HLF became the chief fundraising arm for the Palestine Committee in the U.S. created by the Muslim Brotherhood to support Hamas. According to a wiretap of a 1993 Palestine Committee meeting in Philadelphia, former HLF President and CEO Shukri Abu Baker, spoke about playing down Hamas ties in order to keep raising money in the U.S. Another wiretapped phone call included Abdulrahman Odeh, HLF’s New Jersey representative, referring to a suicide bombing as “a beautiful operation.”
The government also presented evidence that several HLF defendants have family members who are Hamas leaders, including Hamas’s political chief, Mousa Abu Marzook, who is married to a cousin of Ghassan Elashi, HLF’s former Chairman of the Board. Ghassan Elashi, who also served as the vice-president of marketing for Infocom Corporation, is currently serving an 80-month sentence following his conviction on several charges related to export violations. Mohammed El-Mezain was HLF’s Director of Endowments and Mufid Abdulqater was HLF’s projects and grants director. Two named defendants, Akram Mishal and Haitham Maghawri are fugitives.
The defendants provided financial support to the families of Hamas martyrs, detainees, and activists knowing and intending that such assistance would support the Hamas terrorist organization. Since 1995, when it first became illegal to provide financial support to Hamas, HLF provided approximately $12.4 million in funding to Hamas through various Hamas-affiliated committees and organizations located in Palestinian-controlled areas and elsewhere.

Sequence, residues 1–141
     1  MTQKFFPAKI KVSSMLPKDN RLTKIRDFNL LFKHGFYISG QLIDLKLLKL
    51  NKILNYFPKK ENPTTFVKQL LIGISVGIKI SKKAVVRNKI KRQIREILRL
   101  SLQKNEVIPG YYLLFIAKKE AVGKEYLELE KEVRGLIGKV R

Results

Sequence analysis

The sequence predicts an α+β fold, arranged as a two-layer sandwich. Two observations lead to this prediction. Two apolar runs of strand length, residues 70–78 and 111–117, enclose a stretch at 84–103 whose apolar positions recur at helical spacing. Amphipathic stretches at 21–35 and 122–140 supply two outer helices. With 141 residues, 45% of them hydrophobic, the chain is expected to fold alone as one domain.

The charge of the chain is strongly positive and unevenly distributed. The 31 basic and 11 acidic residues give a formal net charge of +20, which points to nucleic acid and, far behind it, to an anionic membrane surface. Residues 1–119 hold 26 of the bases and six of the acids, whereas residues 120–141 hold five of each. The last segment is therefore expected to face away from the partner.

During trial, the government also presented evidence that HLF was so concerned about investigators uncovering the group’s intentions that they kept a manual entitled “The Foundations Policies and Procedures.” HLF followed various security procedures outlined in the manual to include, hiring a security company to search the HLF for listening devices, ordering defendant Haitham Maghawri, (a fugitive) to take training on advanced methods in detecting wiretaps, shredding documents after board meetings, and maintaining incriminating documents in off-site locations.
All defendants were detained pending sentencing; a sentencing date is forthcoming. All defendants face substantial prison sentences.
Robert E. Casey, Jr., Special Agent in Charge, Dallas FBI, expressed appreciation for the U.S. Department of Justice, the U.S. Attorney’s Office for the Northern District of Texas, the team of FBI Agents and staff, along with the Agents and staff of the Internal Revenue Service, Army Criminal Investigations Division, Dallas Police Department and Richardson Police Department for their efforts in this investigation.